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Nobody has seen Richard Simmons for over 1,000 days

Nobody has seen Richard Simmons for over 1,000 days

NEW YORK POST --

Richard Simmons is an American fitness icon. He’s worth over $15 million. He weighed 269 pounds at his high school graduation. He lost 123 of those pounds in his 20s. He is estimated to have helped Americans lose over 12 million pounds.

And he’s been missing for 1,095 days.

The podcast about his disappearance is #1 on the iTunes charts.

Since 2014, Simmons, now 68, has not been seen in public.

For decades, he courted constant media attention and bathed in the spotlight. He was a regular guest on “The David Letterman Show,” taught his loyal followers at weekly exercise classes at his Slimmins gym in Beverly Hills, California, and made hundreds of phone calls a week to Americans struggling with their weight.

“I don’t have a lot to offer to one person. I have a lot to offer to a lot of people,” he once famously said.

Dan Taberski was one of those people. He met Simmons while attending one of his famous exercise classes in LA in 2012, and they struck up an immediate friendship, as Simmons did with many of his clients.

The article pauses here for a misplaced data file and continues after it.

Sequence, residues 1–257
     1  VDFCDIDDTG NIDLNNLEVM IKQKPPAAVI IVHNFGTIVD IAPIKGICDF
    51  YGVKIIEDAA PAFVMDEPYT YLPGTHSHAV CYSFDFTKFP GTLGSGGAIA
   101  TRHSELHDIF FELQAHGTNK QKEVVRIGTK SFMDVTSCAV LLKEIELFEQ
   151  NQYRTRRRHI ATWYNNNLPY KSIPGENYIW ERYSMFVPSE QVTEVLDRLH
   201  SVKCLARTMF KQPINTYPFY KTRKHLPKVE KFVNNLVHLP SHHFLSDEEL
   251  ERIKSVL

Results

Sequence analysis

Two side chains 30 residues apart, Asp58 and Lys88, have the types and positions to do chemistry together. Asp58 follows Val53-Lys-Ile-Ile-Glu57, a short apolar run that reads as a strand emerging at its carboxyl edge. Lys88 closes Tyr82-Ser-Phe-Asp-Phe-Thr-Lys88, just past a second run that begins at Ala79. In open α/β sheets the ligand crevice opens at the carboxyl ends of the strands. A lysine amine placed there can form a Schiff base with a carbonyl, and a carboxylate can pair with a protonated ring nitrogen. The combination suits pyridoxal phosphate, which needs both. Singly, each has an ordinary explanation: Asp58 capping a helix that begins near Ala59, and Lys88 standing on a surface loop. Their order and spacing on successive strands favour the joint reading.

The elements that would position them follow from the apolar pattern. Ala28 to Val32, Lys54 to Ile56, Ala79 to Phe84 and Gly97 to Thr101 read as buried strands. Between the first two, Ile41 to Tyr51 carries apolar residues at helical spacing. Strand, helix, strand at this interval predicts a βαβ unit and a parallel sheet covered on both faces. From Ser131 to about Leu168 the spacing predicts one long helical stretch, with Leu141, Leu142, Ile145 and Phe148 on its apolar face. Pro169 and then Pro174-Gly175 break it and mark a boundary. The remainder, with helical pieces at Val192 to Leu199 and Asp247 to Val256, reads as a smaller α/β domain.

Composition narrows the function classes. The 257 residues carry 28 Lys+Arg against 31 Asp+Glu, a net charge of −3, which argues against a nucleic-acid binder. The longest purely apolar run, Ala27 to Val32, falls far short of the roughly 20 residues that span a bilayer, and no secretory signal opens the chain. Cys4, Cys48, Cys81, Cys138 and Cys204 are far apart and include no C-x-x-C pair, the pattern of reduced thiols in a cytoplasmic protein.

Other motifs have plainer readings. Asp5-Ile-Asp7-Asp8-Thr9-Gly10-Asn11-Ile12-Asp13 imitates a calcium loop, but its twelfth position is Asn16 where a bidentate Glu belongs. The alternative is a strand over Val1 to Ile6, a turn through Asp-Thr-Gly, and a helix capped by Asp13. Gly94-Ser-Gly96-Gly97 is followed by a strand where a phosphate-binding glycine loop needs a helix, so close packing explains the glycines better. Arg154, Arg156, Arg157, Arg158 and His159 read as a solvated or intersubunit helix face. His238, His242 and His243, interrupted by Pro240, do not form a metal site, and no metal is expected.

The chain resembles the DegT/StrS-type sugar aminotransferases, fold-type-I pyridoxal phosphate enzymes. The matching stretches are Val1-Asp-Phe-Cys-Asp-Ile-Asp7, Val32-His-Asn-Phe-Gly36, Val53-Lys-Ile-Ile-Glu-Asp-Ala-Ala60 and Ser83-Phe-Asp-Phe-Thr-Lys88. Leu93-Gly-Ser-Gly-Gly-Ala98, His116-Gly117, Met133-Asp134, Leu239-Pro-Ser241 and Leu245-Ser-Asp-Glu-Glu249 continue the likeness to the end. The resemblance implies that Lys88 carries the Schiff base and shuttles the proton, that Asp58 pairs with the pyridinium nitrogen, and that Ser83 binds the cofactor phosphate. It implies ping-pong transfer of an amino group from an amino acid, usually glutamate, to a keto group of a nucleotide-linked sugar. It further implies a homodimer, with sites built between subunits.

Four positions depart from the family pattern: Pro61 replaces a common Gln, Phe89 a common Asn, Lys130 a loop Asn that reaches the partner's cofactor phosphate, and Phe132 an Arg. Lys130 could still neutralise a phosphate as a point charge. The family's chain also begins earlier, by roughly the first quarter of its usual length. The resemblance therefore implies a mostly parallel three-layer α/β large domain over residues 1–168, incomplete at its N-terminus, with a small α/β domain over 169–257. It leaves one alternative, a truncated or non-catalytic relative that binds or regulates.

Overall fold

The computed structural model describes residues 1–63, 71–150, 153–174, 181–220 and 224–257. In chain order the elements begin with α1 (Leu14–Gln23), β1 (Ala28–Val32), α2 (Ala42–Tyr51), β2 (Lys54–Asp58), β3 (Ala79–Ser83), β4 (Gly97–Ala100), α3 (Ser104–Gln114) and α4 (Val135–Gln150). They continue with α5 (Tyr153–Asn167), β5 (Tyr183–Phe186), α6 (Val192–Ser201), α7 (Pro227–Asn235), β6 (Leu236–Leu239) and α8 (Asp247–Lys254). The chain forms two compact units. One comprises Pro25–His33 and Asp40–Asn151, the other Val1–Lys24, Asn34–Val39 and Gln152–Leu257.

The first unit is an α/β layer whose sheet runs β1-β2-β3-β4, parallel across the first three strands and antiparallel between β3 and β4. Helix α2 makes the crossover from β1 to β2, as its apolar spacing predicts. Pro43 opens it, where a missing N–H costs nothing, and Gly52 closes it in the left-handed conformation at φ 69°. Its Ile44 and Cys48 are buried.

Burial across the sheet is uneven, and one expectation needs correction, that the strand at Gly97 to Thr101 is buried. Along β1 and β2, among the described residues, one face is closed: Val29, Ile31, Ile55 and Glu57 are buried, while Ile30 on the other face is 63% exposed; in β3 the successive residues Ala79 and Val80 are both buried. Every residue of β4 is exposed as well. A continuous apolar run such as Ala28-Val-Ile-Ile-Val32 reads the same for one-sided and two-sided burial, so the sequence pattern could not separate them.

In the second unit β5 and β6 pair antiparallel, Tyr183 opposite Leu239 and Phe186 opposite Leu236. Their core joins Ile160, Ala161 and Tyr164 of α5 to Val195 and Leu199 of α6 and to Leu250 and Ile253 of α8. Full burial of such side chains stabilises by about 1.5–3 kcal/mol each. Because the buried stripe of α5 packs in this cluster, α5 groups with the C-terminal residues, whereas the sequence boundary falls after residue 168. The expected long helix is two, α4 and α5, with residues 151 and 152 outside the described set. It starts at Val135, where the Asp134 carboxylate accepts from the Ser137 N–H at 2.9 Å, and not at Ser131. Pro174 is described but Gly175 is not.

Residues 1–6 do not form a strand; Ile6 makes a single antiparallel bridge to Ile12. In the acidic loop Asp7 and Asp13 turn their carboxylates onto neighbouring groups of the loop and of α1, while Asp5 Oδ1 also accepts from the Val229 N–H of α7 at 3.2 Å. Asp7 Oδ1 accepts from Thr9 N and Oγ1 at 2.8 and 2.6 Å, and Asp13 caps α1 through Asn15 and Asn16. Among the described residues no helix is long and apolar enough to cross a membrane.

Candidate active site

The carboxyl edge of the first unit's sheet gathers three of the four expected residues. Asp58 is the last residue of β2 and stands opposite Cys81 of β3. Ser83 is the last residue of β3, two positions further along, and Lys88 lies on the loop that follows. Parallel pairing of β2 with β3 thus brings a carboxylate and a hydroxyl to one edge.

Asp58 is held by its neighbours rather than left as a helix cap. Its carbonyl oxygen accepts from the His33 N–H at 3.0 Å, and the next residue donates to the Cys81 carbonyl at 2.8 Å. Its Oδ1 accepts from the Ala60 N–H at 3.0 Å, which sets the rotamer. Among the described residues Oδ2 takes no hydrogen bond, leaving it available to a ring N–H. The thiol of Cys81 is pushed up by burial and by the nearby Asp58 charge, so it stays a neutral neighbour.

They were friends for about a year — Taberski has been to Simmons’ house for dinner and the pair even discussed producing a documentary about Simmons’ life — but one day, Simmons just didn’t show up to teach his exercise class. And he stopped answering Taberski’s phone calls.

The following week, Simmons still didn’t show up to class. When he failed to turn up the week after, people started to get worried.

Friends tried calling, texting, driving to his house and knocking on the door. But they found nothing. It was just so out of character.

“He would wake up at 4 in the morning and reach out to 30, 40, 50 people with phone calls and emails,” Taberski told Yahoo News. “It was sustained relationships that lasted years, sometimes decades.”

“[Simmons] changed fitness forever. Before he came on the scene, fitness and aerobics was for people who had hard bodies and just wanted to get a little harder,” Taberski said.

“He remembered because he was overweight himself once that it’s really about the people who live in America, regular people.”

So why would he suddenly give all that up?

Taberski has set out to find the answer to that question in his new podcast, “Missing Richard Simmons.”

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